Goooo, little guy! How exciting!Happy Monday, FG & friends!btw, clicking on the pic to see a larger image results in an error.
What a cutie pie!
Hi Jeff,Oh, he was having a blast checking everything out.Thanks for letting me know about the trouble you had enlarging the photo. Same thing happened to me when I tried it just now, so I completely reloaded the photo. I use hello/picasa which automatically creates a new blog post when the photo goes up, so I upload them to a hidden blog and then move them to my post. Well, I was able to enlarge the picture on the draft blog, so I moved it to FF. Didn't work. Went back to draft blog. Didn't work. I am now thinking maybe it is just Blogger Monday Overload. Anyway, sorry you can't see the bigger image. I tried to fix it! You might check back later and see if it works. : )Hi Vickie,And you wouldn't believe how soft he is!
I can't believe he's outside already. I guess I was thinking that they would be like puppies or kittens but that would not be very evolutionarily sound.
I would love to just squeeze him and see how soft he is.
I love how they have to stan all spraddle-legged when they're that young, just to stay on their pins. Adorable.
:0 ohhhh, I WANT HIM!!!!!So precious!
Aarrggh! Can a person die of cute overload? He's just begging to be scushed!
He is so cute!!! I just love him Farmgirl!
Yeah! That is wonderful. Too cute!
I saw this today, as I was taking my mom to the dentist.http://www.woolyweeders.com/They raise lamb for restaurants, but they also, apparently, rent out their sheep to "mow" people's fields. You can put that little guy right to work, earning his keep!
Hi Jeff,Think I finally got the photo fixed so that you can click on it if you want to see it larger. : )Hi Bean,It never ceases to amaze me how (for lack of a better term) grown up and independent baby lambs are. I mean, they are born (with little hooves, wool, big ears--everything fully intact) and literally within minutes are standing up heading for the milk bar. An hour later they are bouncing around (or napping). In this series of photos, the second one was taken when she was about 30 minutes old. The top photo when she was 3 hours old, and the bottom two photos the next morning when she was about 14 hours old (and already bigger than when she was born!) They grow so fast.Hi Vickie,Very, very soft. But you can't squeeze too hard! Plus, mom is always watching. I raise very protective mother sheep. : )Hi B'Gina,Watching little lambs race around beats TV anyday! : )Hi Sky,They are pretty irresistible. But you can't have him. : )Hi Sunidesus,LOL, I'm not sure what 'scushed' is, but I've probably done it to a lamb or two!P.S. Don't die now. We're only at the beginning of lambing season. Think of all the cuteness you'll miss!Hi Patti & Katy,I always say we do 'cute' very well here. : )Hi B'Gina,Oh, that Wooly Weeders place is too much. Mowing vineyards--what a great idea. Ha ha I love the phrases they use, like "environmentally friendly mowing service" and "noxious weeds are our specialty!" Thanks so much for the link--and the smile.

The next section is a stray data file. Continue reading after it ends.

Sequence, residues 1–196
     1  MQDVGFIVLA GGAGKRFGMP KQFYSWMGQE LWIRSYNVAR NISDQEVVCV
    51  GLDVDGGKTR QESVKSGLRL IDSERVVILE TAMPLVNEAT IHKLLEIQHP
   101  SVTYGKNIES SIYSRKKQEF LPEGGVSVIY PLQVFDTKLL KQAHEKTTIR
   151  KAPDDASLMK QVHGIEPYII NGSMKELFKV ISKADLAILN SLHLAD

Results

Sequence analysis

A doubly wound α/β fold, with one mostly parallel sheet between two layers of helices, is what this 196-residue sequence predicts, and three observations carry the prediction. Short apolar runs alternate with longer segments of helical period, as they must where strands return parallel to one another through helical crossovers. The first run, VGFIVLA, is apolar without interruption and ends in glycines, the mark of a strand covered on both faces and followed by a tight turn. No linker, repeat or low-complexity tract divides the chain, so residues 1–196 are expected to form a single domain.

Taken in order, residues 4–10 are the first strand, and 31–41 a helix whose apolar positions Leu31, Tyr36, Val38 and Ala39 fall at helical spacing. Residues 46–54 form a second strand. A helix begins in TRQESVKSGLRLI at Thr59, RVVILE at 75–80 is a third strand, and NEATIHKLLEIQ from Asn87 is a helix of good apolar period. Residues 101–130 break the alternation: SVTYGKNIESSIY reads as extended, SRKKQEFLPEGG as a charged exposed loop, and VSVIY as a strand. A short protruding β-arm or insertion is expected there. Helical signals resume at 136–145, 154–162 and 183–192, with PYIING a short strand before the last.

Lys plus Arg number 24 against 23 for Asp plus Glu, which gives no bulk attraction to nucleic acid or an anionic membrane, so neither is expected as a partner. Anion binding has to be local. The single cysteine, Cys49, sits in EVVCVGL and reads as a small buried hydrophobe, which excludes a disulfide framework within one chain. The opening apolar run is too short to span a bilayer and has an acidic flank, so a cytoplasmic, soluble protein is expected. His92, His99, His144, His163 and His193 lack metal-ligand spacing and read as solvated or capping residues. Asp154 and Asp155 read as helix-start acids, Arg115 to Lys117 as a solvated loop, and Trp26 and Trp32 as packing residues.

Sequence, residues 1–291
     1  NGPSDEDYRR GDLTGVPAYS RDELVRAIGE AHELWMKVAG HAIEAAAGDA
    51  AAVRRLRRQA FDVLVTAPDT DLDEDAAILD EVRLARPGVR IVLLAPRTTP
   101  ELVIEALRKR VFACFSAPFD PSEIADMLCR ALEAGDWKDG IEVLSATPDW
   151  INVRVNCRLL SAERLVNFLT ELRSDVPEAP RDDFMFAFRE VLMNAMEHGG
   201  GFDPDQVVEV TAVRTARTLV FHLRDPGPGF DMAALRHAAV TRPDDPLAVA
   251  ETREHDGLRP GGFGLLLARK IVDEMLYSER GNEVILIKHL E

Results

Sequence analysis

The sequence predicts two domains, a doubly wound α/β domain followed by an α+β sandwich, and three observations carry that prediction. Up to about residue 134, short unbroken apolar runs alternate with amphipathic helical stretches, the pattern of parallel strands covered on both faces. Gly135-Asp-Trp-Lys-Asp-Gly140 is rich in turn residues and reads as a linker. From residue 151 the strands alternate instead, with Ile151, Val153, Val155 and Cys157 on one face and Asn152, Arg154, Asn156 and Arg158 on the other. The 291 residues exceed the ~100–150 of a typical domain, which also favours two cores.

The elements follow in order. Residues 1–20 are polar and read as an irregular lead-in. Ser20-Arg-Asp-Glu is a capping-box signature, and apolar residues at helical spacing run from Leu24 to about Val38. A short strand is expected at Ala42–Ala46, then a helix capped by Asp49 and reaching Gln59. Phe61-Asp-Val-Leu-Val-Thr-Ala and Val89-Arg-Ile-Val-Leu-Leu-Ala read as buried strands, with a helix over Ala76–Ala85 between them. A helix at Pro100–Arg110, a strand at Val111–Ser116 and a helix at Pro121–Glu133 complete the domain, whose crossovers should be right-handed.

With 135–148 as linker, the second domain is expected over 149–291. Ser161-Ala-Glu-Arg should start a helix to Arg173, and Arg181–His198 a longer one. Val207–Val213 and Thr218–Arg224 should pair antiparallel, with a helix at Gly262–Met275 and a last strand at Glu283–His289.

December 2015 update: Hi! For some reason I can't figure out, Blogger hasn't been letting me leave comments on my own blog (!) for the last several months, so I've been unable to respond to your comments and questions. My apologies for any inconvenience! You're always welcome to email me: farmgirlfare AT gmail DOT com.Hi! Thanks for visiting Farmgirl Fare and taking the time to write. While I'm not always able to reply to every comment, I receive and enjoy reading them all.Your feedback is greatly appreciated, and I especially love hearing about your experiences with my recipes. Comments on older posts are always welcome!Please note that I moderate comments, so if I'm away from the computer it may be a while before yours appears.I try my best to answer all questions, though sometimes it takes me a few days. And sometimes, I'm sorry to say, they fall through the cracks, and for that I sincerely apologize.I look forward to hearing from you and hope you enjoy your e-visits to our farm!